Help! Fish Loosing Tails, Covered In White Fungus!

Sebastian CHokka


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WIN_20170421_16_21_32_Pro.jpg My fish have never caught a desise for the year I had them. Today, I noticed that my Dwarf Pleco is covered in white spots, my *peacefull, never aggressive* Betta is covered in it, and my *PEACEFUL, NEVER AGGRESSIVE* Neons are loosing their tails, and are covered in white spots! I'm doing a 50% water change and putting in Melafix. WHAT ELSE CAN I DO?
 

Sebastian CHokka

HELP!!!!
*Accidentally attached more that one of the same pic*
 

Fashooga

When fish get sick you treat them for what they have. If you think it's fungus and your following the instructions, add x amount of dosage per gallon, remove carbon filter (if you have it) and sit at wait for 48 hours and change water and re-dose, than there is nothing else you can do but wait for the meds to take it's course.

Just make sure your following the instructions. For instance API recommends you do 25% water change 48 hours after your first dosage. But that's just API.

Also be prepared for some casualties.

Good luck.
 

Dave125g

I can't see much in the pictures. A fungus usually doesn't cause missing tails. That's usually fin and tail rot, which is a bacterial infection. Can you list all your fish species and water parameters please?
 

Wendy Adams

HELP!!!!
*Accidentally attached more that one of the same pic*

Sebastian, head on over to the Freshwater Fish Diseases board. I'm dealing with the exact same thing. It sounds like the white spots is ich and the other is either fin rot or a fungal or bacterial infection which can come on from stress and many of other things. You might get some information there as I've had a few people respond to my issues there that are really helpful. In the meantime, I'm sure others will respond to you here. But What I found is I got quicker responses by putting my posts in the correct forum. I first posted here yesterday or in one of the general forums. But didn't get many responses. When I reposted under the fish disease category it didn't take long to get a lot of good information.
 

Discusluv

Welcome to Fishlore!
Have you added any fish to your tank lately?
Do you have a water testing kit that you can use to test Ammonia, Nitrite, Nitrate?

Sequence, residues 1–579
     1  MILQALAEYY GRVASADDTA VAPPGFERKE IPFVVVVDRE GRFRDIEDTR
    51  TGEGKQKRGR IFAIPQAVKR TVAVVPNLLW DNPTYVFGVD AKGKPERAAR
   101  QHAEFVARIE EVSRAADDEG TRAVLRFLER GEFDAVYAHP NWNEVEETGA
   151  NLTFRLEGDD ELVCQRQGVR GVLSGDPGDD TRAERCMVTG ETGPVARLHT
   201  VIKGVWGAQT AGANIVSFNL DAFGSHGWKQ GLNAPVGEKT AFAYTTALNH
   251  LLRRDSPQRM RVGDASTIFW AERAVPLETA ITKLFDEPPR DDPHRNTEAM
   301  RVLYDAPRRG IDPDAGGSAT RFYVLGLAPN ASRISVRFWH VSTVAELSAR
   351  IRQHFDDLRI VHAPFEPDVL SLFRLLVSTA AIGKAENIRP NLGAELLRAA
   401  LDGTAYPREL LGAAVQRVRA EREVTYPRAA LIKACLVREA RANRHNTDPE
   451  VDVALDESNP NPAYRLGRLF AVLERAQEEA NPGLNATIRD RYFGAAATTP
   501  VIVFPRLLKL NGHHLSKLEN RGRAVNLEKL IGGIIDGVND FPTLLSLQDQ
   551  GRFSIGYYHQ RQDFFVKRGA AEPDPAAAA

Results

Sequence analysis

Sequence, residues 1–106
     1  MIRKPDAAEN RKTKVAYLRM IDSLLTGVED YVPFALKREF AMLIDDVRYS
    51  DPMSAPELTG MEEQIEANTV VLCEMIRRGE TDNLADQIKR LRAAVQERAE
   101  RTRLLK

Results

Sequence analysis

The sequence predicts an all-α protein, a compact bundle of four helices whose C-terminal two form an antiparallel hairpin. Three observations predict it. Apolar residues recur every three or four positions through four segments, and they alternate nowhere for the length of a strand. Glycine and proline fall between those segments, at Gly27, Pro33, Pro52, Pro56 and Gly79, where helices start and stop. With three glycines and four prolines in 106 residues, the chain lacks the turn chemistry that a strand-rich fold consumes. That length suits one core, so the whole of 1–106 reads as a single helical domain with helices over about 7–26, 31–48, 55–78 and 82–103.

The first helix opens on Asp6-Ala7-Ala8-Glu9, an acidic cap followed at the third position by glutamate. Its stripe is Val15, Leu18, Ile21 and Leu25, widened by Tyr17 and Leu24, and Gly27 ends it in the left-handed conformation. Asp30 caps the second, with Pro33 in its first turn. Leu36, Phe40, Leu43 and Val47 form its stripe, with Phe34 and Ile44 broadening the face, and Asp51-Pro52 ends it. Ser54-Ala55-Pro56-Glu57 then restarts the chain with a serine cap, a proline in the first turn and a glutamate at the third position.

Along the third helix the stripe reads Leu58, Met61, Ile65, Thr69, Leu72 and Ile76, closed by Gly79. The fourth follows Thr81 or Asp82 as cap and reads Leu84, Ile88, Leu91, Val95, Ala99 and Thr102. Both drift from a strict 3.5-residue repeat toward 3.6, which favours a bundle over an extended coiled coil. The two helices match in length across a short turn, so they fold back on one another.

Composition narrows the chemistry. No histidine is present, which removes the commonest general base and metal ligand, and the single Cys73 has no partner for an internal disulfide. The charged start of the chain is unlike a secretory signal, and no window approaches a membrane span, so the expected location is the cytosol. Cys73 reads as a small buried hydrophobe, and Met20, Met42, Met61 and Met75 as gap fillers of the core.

What is your water changing schedule?
Are all your fish eating?
It definitely appears bacterial, but answering these questions will help with treatment.
 

EbiAqua

Sebastian CHokka how big is the tank and how long has it been running? How often do you do water changes?
 

Sebastian CHokka

The tank is 10 gallon. Running for 1.5 years, but I just took it out last week and beached it. Water changes every week for 35%, if I forget one week then 45%. Only Betta and Pleco eating.
 

EbiAqua

The tank is 10 gallon. Running for 1.5 years, but I just took it out last week and beached it. Water changes every week for 35%, if I forget one week then 45%. Only Betta and Pleco eating.
You bleached the tank?! How did you remove the chlorine? Also that pleco needs more than 10 gallons, as do the tetras.
 

Sebastian CHokka

I bleached it because my 6-year old sister put in soap. Took the fish out, bleached the tank, then rinsed thouroghly. Added stress coat, then added fish. Pleco is a Dwarf Pleco, and it stays about 4". I had 3 Neons, one committed scuicide about a month ago. The one without a tail is now floating, barely alive. Added FungusGaurd.
 

EbiAqua

I bleached it because my 6-year old sister put in soap. Took the fish out, bleached the tank, then rinsed thouroghly. Added stress coat, then added fish. Pleco is a Dwarf Pleco, and it stays about 4". I had 3 Neons, one committed scuicide about a month ago. The one without a tail is now floating, barely alive. Added FungusGaurd.
Alright, good to know.

Despite the small size dwarf plecos all have huge bioloads. Clown, bristlenose, bulldog, and rubberlip plecos only get a few inches but require a 29 gallon minimum and very good filtration.
 

Sebastian CHokka

any additional things I can do?
 

EbiAqua

any additional things I can do?
Plenty of water changes. Clean water is the best medicine.
 

Sebastian CHokka

Just did that, about 60%
 

Fashooga

I wonder if the tank is going to a new nitrogen cycle? Soap getting into the filter, than possible bleach residue might have made the filters in the HOB or canister useless. Thus causing a spike and stressing out the fish which causes some underlying infection that was dormant and now causing problems.